Pirum, through partnerships with BNY Mellon, J.P. Morgan and Euroclear (with Clearstream soon to be added), allows mutual clients to seamlessly interact with each of the providers. Pirum’s service gives users a holistic view of their collateral management activities across both triparty agent and bilateral obligations. Users have access to fully automated intra-day position updates, close of business market prices and foreign exchange rates electronically via near real-time feeds. Using this information, Pirum can for triparty relationships calculate the required collateral value (RQV) at the triparty account level for each side of the exposure, displaying the results on its secure, intuitive web portal. Pirum’s proven reconciliation platform then analyses any differences and determines the root cause of any dispute leading to a rapid resolution.
We live in fast paced times and technological innovation continues to reshape the world in which our industry operates. However, in many respects, exposure and collateral management practices remain archaic. With manual, operationally intensive practices de rigueur at many firms, many are stuck in third gear. Regulatory change, though, is unforgiving, and leaves little room for inefficiency in operational practice. An obvious example of this can be found in securities finance collateral management, where processes largely operate in static time slices, often reviewed only once per day. Counterparties still pick a fixed schedule to perform and reconcile their calculations, and subsequently instruct settlement based on this one point in time. Thus, collateral movements occur after the fact and, by the time they settle, no longer accurately represent the real state of exposure. ‘After the fact’ collateralisation leaves one party with a residual exposure that digs directly into their capital reserve.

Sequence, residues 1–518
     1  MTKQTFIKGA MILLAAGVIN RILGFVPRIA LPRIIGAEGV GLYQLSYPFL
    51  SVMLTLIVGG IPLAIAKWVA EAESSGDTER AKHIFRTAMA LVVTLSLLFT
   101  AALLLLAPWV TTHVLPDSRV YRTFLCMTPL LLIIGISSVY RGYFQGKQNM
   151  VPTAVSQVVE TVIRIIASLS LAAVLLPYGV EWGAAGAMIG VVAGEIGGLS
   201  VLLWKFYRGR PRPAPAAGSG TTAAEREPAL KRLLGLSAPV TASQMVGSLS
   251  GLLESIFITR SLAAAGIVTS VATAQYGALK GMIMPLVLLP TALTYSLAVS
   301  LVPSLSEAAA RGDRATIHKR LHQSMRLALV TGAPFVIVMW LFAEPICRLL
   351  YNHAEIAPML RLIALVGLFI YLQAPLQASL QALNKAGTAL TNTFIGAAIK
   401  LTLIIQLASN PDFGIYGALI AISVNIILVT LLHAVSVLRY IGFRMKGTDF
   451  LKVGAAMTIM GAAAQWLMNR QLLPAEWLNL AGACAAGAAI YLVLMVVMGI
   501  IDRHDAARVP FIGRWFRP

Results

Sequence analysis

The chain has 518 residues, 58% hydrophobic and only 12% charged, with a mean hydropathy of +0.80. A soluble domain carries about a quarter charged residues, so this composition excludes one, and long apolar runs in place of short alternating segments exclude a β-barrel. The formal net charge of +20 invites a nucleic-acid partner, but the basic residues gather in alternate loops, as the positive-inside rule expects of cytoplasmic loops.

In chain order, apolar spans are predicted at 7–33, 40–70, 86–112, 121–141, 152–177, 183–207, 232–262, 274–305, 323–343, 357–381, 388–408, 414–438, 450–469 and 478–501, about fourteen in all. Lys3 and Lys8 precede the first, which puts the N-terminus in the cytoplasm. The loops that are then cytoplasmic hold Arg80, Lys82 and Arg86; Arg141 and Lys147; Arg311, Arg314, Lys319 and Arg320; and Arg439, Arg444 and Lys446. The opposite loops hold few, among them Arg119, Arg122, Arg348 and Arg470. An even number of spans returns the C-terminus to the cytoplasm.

Pirum’s services, however, allow our customers to shift up into sixth gear, allowing for intra-day, real-time collateral management via triparty agents. This is a service that, unsurprisingly, is gaining rapid traction (currently, Pirum manages $800 billion of non-cash collateral and instructs more than $350 billion of RQVs). Our new, all-encompassing exposure management system extends the service to cover all collateralisation methods, including bilateral non-cash, cash pool, cash rebate and inter-company collateral exposure across securities lending and repo trades. The offering works in harmony with the existing triparty RQV service and offers additional features, including: